Healthcare Inclusion Media release

Media release: Disabled people are working around the clock to stop Bill C-7

March 8, 2021


Today is the first day of the Disability Filibuster, a Canada-wide, round the clock protest against Bill C-7 by disabled people. 

Launching at 7:00 pm Eastern Time (8 PM Atlantic) today [March 8th] the Disability Filibuster kicks off with an International Women’s Day event and a conversation among disabled women of different generations. 

“The Liberals decided not to appeal a lower Quebec court decision and have used that as an excuse to rewrite Canadian law and put disabled people’s lives at risk and disabled women in particular. ” commented Filibuster creator Catherine Frazee. 

One third of Canadian disabled women live below the poverty line and a disturbingly high number of disabled women experience neglect, financial exploitation, sexual, physical abuse and psychological abuse, often at hands of their own family members or caregivers.

Frazee added, “The Filibuster is activism for our era. We are isolated and separated but we are also united and together.”

Joined by Sarah Jama, lead organizer with Disability Justice Network of Ontario (DJNO), the two will discuss Bill C-7 in the way it needs to be and has not been anywhere else – within the context of Canadian history past and present.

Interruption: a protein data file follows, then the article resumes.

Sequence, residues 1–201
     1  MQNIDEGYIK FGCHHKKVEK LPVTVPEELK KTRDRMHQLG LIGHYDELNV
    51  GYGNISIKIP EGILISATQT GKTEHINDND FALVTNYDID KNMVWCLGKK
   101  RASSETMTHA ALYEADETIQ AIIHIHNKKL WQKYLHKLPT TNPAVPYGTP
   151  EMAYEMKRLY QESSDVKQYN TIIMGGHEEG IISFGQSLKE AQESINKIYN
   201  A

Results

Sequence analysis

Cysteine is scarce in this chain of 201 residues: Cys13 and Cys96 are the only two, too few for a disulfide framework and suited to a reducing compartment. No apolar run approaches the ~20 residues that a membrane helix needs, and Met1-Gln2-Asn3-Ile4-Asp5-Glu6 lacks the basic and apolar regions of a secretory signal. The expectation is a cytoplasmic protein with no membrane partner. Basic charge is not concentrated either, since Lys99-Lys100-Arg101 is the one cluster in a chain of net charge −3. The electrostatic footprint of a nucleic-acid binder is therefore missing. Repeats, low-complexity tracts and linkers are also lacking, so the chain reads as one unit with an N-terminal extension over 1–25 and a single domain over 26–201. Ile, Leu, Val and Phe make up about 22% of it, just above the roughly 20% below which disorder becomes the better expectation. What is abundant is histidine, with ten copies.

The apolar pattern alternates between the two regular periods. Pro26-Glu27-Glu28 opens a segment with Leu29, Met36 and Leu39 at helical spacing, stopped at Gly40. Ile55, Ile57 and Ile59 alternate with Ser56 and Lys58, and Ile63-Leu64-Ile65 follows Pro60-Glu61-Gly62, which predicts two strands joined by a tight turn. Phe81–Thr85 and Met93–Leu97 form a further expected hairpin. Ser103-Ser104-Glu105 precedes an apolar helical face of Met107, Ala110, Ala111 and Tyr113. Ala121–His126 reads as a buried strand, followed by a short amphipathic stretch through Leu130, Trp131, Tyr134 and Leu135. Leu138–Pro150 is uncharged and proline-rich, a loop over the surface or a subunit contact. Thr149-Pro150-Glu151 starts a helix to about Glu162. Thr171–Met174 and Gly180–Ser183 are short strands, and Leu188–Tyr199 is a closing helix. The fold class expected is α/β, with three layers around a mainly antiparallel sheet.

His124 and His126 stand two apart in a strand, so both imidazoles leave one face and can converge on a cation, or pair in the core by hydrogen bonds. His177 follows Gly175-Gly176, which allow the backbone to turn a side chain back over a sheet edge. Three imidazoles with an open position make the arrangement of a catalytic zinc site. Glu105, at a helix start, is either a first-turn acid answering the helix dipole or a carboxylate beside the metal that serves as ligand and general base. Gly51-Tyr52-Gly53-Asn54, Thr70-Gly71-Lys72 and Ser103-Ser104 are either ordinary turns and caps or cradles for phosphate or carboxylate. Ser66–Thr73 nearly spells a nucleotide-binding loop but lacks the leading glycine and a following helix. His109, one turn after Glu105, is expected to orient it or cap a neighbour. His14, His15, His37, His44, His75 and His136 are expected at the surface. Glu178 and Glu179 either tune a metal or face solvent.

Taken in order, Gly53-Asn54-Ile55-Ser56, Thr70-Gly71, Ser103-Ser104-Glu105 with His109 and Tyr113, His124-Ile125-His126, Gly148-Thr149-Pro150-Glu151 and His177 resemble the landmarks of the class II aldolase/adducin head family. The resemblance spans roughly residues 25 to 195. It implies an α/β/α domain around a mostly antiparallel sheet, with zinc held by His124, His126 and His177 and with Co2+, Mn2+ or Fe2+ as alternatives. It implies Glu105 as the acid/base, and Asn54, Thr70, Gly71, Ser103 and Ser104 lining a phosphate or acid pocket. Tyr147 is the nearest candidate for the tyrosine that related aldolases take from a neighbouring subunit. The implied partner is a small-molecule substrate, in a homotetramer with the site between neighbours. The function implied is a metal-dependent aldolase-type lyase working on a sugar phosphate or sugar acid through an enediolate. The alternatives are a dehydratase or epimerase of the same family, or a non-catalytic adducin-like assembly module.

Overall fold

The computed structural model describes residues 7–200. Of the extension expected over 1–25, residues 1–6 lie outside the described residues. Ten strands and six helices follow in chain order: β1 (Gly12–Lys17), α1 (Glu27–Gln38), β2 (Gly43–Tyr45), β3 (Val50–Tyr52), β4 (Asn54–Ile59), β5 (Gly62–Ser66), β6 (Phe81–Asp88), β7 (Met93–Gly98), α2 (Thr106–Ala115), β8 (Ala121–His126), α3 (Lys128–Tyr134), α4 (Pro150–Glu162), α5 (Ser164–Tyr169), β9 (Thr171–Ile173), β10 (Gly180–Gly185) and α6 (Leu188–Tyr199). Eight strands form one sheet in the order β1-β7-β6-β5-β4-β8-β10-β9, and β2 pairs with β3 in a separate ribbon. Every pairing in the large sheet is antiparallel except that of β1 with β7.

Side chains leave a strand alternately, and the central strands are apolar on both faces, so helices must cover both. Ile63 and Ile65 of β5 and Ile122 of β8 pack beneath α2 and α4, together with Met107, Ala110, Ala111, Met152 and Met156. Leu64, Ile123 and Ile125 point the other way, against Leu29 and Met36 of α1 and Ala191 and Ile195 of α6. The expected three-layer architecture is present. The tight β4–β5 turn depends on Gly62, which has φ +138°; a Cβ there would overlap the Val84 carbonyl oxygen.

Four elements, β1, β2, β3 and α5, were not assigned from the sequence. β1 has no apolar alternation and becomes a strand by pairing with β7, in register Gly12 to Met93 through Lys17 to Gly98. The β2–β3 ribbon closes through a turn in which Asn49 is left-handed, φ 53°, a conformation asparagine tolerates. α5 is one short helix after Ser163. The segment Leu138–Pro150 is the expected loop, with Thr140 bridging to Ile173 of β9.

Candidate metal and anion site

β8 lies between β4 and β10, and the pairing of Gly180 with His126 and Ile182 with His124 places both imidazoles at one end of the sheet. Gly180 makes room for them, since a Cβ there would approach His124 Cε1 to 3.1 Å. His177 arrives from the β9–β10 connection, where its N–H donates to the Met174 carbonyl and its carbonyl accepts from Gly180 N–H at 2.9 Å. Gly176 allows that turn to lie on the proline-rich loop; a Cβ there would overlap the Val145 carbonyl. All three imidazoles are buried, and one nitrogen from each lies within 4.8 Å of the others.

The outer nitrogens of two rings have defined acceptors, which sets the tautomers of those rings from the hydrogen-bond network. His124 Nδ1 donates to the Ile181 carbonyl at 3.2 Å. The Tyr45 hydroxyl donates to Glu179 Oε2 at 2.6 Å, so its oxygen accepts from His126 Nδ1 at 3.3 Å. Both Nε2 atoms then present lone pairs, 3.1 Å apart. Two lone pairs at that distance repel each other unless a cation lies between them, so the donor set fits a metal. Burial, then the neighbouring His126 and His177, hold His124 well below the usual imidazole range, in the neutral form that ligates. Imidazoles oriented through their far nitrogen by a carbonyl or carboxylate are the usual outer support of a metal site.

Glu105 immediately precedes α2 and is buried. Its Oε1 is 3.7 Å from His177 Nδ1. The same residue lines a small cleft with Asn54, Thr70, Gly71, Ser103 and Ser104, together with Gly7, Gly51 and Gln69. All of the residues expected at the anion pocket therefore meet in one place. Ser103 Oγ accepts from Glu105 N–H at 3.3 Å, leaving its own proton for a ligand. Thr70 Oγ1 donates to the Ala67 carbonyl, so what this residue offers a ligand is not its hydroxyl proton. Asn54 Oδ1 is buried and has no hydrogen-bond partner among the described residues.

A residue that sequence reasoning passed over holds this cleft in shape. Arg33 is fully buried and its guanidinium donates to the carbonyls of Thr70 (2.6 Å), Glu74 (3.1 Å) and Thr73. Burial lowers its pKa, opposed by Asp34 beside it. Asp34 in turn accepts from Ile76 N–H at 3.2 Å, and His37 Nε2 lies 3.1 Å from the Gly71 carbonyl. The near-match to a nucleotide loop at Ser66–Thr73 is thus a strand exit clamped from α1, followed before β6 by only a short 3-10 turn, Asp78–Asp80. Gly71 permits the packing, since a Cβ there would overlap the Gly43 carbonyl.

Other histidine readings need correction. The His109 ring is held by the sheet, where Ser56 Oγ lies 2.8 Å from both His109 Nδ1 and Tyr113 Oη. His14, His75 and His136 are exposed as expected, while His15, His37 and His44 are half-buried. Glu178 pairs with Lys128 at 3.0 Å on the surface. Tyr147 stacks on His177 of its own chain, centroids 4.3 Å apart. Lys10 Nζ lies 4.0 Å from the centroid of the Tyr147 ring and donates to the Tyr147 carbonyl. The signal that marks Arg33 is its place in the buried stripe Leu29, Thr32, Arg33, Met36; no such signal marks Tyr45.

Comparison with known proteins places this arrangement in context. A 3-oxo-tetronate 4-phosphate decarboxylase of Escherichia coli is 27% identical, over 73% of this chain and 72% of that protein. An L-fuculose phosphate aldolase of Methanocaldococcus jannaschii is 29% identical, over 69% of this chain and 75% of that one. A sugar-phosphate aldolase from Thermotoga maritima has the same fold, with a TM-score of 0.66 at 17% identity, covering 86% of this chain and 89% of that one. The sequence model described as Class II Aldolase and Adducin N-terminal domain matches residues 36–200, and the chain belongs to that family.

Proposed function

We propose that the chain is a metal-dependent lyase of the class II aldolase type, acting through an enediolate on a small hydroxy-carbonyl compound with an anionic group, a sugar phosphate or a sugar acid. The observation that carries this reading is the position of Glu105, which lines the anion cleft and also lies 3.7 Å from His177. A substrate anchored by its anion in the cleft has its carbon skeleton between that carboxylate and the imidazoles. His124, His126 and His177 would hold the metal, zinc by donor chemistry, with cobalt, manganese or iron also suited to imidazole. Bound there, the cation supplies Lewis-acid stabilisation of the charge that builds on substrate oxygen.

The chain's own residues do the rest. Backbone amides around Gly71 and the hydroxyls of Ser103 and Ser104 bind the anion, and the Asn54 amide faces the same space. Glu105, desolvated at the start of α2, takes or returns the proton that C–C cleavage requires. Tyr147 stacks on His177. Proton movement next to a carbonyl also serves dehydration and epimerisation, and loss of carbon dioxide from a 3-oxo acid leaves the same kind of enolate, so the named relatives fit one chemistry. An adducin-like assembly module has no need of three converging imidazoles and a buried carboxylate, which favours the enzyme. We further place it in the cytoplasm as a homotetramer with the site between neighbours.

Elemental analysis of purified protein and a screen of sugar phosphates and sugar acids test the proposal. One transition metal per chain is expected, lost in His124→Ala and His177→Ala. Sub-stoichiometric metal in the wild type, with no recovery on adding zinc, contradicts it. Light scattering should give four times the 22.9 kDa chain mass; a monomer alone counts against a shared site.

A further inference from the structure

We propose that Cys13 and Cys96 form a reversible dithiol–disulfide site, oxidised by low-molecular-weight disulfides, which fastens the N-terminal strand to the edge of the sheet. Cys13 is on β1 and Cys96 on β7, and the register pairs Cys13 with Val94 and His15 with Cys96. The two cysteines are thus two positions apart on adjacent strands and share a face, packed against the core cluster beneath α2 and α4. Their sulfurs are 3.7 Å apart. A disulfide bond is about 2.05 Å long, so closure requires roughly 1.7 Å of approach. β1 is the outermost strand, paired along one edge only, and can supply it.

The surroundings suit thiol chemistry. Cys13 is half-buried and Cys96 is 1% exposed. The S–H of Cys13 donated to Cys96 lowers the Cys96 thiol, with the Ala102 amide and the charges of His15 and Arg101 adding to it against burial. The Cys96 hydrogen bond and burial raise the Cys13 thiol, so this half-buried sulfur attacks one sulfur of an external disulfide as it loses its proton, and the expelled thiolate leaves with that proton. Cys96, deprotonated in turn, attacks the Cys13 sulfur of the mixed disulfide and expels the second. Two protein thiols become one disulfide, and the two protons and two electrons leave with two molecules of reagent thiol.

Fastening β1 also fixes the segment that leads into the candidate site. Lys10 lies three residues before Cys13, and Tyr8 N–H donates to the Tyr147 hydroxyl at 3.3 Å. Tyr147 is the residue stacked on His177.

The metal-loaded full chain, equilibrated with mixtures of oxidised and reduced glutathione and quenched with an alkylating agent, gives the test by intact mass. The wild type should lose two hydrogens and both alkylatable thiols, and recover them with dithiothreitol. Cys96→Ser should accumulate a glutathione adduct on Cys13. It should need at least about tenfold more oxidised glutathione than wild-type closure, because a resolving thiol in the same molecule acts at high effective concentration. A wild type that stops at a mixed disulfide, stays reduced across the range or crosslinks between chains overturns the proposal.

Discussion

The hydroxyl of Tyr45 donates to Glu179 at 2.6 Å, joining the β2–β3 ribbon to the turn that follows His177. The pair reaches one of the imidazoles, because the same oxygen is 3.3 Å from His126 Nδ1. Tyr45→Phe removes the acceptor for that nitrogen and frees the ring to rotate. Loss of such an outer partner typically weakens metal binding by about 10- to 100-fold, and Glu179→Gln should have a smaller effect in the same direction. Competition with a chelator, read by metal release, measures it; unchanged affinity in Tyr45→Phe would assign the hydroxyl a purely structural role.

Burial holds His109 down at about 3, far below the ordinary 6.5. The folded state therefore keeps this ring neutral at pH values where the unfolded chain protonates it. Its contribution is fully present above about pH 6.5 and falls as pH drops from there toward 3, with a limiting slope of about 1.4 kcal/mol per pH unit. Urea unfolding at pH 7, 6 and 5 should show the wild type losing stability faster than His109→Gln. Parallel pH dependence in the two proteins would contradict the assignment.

Jama said, “It’s a pandemic which means busloads of disabled people arriving in Ottawa to block the passage of this bill are not an option. But sitting on the sidelines while the federal government votes on a bill that so directly and dangerously impacts the lives of disabled people is also not an option.”

Running 24 hours a day the Disability Filibuster will be a teach-in, a knit-in, an arts space and much more. 

The Disability Filibuster is first and foremost a protest but it is also a gathering space for disabled people opposed to Bill C-7, many of whom are already feeling the negative consequences of this bill and the discussions around it.

Bill C-7 expands MAiD (Medical assistance in dying) beyond those who are actually dying and makes death a ‘treatment option’ for a large segment of disabled people in Canada. 

If the amendments proposed by the Canadian Senate and brought back by the Liberals are included then MAiD will be available to people whose sole qualifying criteria is having a mental-health related disability. 

The passing of Bill C-7 into law will result in Canada having the most liberal and open MAiD in the entire world. 

Gabrielle Peters of Dignity Denied and one of the Filibuster’s organizers said, “It puts disabled people in the crosshairs and we live in a society that comes pre-loaded with structural ableism. We lack the supports that make it possible for us to live in dignity so the option of a red carpet path to death is reasonably read as enticement. It’s a form of soft power that can easily veer into outright coercion. Even without the stick, dangling the only carrot in sight above state administered death is quite a statement for the Canadian state to make.” 


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